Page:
Kakua Chiefdom struggles to collect local taxes and pay employees

It’s really striking how rural Sierra Leone becomes once you leave Freetown. Even though it’s the second largest city, Bo has basically no grid of streets. Venture just a little ways outside the city center and you’ll reach pothole-ridden dirt roads. There doesn’t seem to be any old colonial buildings, and the City Council building is a big house surrounded by trees and grass. And to get there, you pass through a simple community with no paved roads, where women wash and dry clothing outside.


Outside the bus window on the way to Bo


The bus ride from Freetown to Bo took about five hours. There were many several stops, and at each one there were people ready and waiting to sell their goods to the passengers: fruit, peanuts, cucumbers, biscuits, skewers of meat, whole roasted fish, water, soft drinks, bread. At one stop, a women held up three live chickens she was hoping to sell.

Our first stop when we got to Bo, after eating at a former Awoko staffer’s house and settling in, was the offices of Kakua Chiefdom, which contains Bo. Sierra Leone is divided into 149 Chiefdoms, each headed by a Paramount Chief. Though these leader are elected, candidates must come from one of the ruling families recorded at the time the British colonialists set up the system, and in some areas women cannot hold the position. The Chiefs have a lot of responsibilities in their local area, and also hold seats in Parliament. Kakua Chiefdom, which contains Bo, is having trouble collecting enough local taxes to pay employees, which is what my story was about. Despite the problem of not being able to raise enough taxes, for reasons I don’t quite understand the Paramount Chief said he would like to do away with these taxes altogether.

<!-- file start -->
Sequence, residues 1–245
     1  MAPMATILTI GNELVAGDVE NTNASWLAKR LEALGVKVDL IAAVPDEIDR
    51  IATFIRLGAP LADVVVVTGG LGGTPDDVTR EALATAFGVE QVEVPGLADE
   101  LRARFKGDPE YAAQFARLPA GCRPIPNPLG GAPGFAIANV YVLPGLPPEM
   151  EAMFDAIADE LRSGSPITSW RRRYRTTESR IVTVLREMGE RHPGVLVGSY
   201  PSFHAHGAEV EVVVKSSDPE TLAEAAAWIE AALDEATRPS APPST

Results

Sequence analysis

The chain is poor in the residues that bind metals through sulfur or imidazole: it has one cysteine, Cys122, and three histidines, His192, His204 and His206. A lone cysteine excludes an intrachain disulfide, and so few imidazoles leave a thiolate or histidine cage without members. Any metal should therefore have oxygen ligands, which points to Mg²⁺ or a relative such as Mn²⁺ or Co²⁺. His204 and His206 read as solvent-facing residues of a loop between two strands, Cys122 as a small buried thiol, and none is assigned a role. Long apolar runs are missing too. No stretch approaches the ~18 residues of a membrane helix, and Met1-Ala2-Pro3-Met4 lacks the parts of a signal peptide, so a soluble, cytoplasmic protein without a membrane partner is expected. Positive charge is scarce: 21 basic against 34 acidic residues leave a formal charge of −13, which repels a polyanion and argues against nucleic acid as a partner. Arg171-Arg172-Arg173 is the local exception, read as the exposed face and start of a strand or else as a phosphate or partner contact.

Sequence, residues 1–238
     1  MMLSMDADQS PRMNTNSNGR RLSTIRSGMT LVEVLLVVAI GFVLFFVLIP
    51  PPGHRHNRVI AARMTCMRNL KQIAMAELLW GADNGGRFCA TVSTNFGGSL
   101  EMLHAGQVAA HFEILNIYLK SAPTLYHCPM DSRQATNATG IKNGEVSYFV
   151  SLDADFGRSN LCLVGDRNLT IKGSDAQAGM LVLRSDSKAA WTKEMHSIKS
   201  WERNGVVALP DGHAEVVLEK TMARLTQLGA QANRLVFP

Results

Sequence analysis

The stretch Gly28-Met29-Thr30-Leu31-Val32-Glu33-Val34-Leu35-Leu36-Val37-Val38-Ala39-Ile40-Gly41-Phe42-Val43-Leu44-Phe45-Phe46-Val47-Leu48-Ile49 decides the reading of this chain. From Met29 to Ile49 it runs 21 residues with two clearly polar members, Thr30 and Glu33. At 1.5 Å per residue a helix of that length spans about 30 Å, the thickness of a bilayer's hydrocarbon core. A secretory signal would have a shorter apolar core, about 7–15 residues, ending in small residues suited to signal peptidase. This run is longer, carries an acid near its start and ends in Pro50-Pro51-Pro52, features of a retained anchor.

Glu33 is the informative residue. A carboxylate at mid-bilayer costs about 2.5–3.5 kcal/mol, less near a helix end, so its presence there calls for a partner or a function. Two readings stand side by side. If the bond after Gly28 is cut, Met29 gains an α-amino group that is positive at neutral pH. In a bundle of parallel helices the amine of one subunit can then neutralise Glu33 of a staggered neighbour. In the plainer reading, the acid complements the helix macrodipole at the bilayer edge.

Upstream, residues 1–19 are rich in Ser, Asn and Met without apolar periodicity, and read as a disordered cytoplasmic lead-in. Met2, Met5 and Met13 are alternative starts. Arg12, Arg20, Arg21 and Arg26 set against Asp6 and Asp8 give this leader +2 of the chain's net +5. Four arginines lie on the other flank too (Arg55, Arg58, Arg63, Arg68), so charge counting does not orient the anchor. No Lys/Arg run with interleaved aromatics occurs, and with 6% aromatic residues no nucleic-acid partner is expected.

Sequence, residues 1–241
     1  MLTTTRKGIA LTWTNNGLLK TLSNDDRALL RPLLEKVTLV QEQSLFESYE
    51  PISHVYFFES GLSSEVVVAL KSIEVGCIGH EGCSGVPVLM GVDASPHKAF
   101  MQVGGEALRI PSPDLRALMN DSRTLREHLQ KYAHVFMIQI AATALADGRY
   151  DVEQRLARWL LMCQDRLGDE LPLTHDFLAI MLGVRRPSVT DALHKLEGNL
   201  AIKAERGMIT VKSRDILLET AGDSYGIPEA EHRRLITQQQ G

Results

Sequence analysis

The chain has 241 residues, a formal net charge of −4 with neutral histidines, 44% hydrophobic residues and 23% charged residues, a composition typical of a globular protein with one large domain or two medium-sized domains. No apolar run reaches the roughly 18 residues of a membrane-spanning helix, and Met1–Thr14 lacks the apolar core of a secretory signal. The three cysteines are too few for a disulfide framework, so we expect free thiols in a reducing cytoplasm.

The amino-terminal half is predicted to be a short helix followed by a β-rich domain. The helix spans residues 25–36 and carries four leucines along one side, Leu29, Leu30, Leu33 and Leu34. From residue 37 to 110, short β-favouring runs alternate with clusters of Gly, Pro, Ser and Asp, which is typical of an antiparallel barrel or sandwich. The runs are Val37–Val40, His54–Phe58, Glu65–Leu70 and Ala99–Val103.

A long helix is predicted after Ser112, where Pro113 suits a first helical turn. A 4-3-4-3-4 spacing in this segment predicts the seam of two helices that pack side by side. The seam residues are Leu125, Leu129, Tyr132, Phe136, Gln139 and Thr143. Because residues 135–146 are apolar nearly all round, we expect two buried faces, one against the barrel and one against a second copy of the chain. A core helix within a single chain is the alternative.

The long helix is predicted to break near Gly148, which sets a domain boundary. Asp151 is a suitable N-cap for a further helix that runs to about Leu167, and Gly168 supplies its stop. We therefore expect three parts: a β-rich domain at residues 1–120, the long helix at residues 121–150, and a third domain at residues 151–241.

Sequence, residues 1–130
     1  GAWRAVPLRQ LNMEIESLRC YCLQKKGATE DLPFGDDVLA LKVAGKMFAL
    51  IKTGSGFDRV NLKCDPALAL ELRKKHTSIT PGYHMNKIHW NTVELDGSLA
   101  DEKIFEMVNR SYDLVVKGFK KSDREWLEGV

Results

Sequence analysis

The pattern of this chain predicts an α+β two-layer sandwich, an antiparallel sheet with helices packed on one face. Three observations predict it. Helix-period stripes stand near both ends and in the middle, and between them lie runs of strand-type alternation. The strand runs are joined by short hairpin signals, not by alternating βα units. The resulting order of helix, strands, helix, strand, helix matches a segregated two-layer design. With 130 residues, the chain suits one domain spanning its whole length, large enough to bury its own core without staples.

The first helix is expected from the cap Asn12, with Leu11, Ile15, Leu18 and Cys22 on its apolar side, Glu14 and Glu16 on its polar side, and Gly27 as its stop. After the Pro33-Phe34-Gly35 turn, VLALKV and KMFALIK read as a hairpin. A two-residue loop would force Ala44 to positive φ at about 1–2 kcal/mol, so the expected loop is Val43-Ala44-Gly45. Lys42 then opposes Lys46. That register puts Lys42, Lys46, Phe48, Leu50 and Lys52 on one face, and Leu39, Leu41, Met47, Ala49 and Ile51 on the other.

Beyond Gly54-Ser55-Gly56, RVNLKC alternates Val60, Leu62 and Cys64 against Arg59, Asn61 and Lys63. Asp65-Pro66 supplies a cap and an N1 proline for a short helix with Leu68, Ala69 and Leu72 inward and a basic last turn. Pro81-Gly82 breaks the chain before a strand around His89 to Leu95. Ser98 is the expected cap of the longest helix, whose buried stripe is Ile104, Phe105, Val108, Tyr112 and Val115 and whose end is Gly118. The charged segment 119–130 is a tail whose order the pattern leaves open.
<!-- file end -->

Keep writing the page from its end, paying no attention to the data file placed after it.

Bo city center. Bo is not a diamond trading hub like Kenema in the east, but I saw several diamond shops


Motorbike taxis, called okadas in Sierra Leone, are absolutely everywhere in Bo. The institution was popularized after the civil war. Many young people became child soldiers or victims of the war, and were left without job prospects. The okadas were a way for them to make a living


The next day we went to the Bo Waste Management Department to learn about their recycling program. It turns out this program is one of, if not the only one in Sierra Leone. The the right infrastructure, education and attitudes toward recycling basically don’t exist in Sierra Leone right now. The recycling efforts in Bo include turning plastic, much of it from sachets of water people take as refreshments, into paving stones, which line the walkway to the Waste Management Department. There are other products made of plastic waste, like bags, and aluminium cans are melted down and poured into molds to make pots and pans.

At the Waste Management Department we learned that it’s hard to make a profit from these recycled products because they’re labor-intensive, and there’s so far no way to automate the production.

Later we got to see first hand how the products are produced at the recycling plant.


We also visited a shop that sells bags made of recycled plastics. It was exactly the kind of thing you’d see in a shop in the US that sells souvenirs from around the world, but it wasn’t geared toward tourists or anything like that.

We also saw the plant where they make the water sachets